You've got to hand it to those Canadians... they really have the indie-rock collective thing down.
I realize that Canadians have a reputation for being a friendly bunch, but I tell ya, these indie-rock collectives are sort of getting out of hand. Following in the great footsteps of those like Broken Social Scene and the Arcade Fire, the Ghost Is Dancing recently expanded their roster to nine members and must now pretty much fill up every inch of every stage they're playing on these days. The inclusive vibe is a great thing and, while it's exciting to think that pop music is embracing this tendency towards collaboration, TGID's full-length debut feels like they're treading on someone else's path a little too much. They're clearly fans of the Canadian supergroups that have come before them, and must hear that an awful lot, but frankly the natural comparisons are so obvious here that it's distracting.
Besides the increasing stage space required to house them, there are other notable differences with the band since they first came on the scene with their EP last year. The mixed reactions from critics then was mainly attributed to the group's over-zealous impersonation of a lo-fi Arcade Fire, and widely suggested that some further experience might give the band the edge they need to sound less like a group of friends fooling around with instruments and more like an actual band. For their full length debut, the introduction of well-known indie producer Dale Morningstar has clearly made a significant dent in pushing the band towards something with more of a shape. But despite the good intentions, the album doesn't step beyond the anthemic impersonations long enough to make an impression of its own.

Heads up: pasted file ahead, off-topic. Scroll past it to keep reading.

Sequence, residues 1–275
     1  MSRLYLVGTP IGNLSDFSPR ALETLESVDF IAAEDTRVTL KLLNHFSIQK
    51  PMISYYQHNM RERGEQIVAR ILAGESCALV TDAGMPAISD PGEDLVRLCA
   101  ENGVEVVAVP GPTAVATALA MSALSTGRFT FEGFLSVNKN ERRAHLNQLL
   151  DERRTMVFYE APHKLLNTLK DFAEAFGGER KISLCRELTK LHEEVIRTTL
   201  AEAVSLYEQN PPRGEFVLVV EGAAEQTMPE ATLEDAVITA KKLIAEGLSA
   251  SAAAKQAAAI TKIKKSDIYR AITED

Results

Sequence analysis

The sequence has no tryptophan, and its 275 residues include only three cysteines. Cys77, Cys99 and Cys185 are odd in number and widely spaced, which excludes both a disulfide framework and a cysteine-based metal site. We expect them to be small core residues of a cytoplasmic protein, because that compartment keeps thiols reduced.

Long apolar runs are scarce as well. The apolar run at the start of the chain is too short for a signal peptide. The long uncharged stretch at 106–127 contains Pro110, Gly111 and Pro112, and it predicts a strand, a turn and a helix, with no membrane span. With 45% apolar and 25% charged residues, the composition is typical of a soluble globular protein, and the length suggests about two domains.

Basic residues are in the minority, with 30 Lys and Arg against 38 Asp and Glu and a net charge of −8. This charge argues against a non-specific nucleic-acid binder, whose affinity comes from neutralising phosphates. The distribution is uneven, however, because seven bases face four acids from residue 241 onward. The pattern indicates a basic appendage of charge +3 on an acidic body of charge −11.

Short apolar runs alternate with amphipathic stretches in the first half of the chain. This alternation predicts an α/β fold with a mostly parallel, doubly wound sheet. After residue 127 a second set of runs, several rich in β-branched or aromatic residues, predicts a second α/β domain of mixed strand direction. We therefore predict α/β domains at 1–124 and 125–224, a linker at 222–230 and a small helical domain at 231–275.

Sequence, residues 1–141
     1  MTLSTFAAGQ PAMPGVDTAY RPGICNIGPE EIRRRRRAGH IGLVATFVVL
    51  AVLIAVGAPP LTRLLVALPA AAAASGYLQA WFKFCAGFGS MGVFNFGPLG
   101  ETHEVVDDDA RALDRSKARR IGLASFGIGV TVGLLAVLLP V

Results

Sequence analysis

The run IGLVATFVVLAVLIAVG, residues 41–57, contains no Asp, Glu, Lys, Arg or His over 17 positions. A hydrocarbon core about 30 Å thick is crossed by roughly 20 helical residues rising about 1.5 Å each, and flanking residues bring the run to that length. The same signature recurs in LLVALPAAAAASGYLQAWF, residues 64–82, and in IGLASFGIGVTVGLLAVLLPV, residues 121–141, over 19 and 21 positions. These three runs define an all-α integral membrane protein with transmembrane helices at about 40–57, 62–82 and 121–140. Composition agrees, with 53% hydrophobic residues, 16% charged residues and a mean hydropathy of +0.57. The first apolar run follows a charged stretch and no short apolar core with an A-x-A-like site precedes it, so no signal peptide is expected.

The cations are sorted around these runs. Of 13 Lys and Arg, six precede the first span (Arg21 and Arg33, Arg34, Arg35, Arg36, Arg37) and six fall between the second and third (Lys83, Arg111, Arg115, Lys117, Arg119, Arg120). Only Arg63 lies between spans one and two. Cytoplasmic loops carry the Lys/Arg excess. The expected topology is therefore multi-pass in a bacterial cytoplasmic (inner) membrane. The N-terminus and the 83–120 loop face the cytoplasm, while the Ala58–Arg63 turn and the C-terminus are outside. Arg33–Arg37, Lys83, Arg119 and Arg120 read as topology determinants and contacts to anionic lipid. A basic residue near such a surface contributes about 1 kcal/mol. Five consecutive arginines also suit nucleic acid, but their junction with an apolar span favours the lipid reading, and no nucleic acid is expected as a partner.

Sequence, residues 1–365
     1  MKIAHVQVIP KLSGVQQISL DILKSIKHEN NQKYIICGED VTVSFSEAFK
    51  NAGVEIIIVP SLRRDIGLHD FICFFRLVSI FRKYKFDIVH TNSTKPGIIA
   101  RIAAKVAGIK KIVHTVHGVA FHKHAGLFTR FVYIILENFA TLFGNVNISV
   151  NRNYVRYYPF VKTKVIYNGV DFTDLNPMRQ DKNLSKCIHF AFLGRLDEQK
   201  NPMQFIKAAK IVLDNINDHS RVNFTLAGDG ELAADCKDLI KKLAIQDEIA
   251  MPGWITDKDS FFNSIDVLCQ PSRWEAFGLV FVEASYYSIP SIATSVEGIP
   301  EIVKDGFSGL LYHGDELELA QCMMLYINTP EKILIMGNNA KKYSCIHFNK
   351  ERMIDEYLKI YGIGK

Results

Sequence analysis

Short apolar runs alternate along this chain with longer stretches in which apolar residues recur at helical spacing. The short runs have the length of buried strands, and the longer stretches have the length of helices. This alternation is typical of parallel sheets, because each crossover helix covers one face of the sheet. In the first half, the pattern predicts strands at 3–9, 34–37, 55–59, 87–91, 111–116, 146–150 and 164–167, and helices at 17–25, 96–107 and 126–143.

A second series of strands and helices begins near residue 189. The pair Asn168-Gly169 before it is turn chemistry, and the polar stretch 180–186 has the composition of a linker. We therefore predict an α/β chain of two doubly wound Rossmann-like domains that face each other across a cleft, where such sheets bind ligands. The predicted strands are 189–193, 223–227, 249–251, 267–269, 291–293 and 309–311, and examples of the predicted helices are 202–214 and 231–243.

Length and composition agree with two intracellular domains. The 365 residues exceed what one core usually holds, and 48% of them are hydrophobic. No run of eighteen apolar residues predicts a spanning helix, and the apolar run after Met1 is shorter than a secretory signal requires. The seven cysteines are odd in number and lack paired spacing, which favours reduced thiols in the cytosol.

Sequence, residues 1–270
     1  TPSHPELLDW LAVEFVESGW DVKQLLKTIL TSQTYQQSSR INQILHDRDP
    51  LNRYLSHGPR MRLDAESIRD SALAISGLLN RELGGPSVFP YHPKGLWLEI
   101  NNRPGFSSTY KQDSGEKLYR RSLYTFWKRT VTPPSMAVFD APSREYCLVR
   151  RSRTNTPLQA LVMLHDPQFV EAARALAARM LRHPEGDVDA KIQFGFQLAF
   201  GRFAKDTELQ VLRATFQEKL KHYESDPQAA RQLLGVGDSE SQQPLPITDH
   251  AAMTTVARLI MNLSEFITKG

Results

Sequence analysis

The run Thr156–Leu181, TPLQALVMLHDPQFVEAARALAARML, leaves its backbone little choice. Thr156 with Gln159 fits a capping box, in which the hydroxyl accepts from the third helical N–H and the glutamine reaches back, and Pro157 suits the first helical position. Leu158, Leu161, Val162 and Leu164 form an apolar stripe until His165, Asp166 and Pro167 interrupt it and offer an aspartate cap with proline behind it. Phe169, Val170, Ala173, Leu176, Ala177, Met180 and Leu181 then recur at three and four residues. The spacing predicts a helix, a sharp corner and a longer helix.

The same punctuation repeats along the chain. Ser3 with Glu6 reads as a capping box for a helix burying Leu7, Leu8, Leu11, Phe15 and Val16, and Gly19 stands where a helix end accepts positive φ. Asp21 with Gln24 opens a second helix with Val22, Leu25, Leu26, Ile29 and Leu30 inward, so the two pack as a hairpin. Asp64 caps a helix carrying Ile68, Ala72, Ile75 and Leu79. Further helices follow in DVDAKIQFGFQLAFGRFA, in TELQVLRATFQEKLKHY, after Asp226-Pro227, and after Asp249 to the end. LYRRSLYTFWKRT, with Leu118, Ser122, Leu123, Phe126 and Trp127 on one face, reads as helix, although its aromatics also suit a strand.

The band are playing with a formula we've seen a lot of lately: the slow crawl of layered vocal harmonies and low guitar, dramatic crescendos of horns, anthemic arrangements, and chaotic choruses. As a single song, the layering can be dynamic and exciting, but an entire album of this roller coaster-ing -- especially when the technique is far from being mastered -- feels predictable and starts to get annoying. It also suggests that the band perhaps should switch their focus to building their bag of tricks instead of the size of their stage presence. At the very least, someone should tell them that every song doesn't need to follow the same bell curve of sound.
All this said, part of the benefit of these collectives is the killer live set that can occur while you're watching something the size of a soccer team performing in front of you. A charismatic live show is something the group certainly does well, as a packed house saw at this year's NXNE festival. The band is clearly in their element on stage together, and play off each other's energies extremely well; it's this unique charisma that they need to learn to bring to their albums. The Darkest Spark includes those tracks that have earned the band their reputation for a frenzied live show, and in some cases that chemistry does translate well on record here.
The energy and optimism of tracks like "We'll Make It" are undeniable, especially since it's one of the earlier songs on the album, so the horns and all the big choral arrangements don't feel worn yet. The group also shows that they can rein in the over-exuberance when they want to on "Greatlakeescape", a chilled-out number that stands out as an album highlight. It's all the moments in between and all the cooks in the kitchen that ultimately seem to get the better of this album.
In the end, these guys have a lot on their plate to learn how to manage, and a lot of pieces that need to find their proper place. With all of their enthusiasm, I'm sure some of it can be put towards finding that right fit for their next release.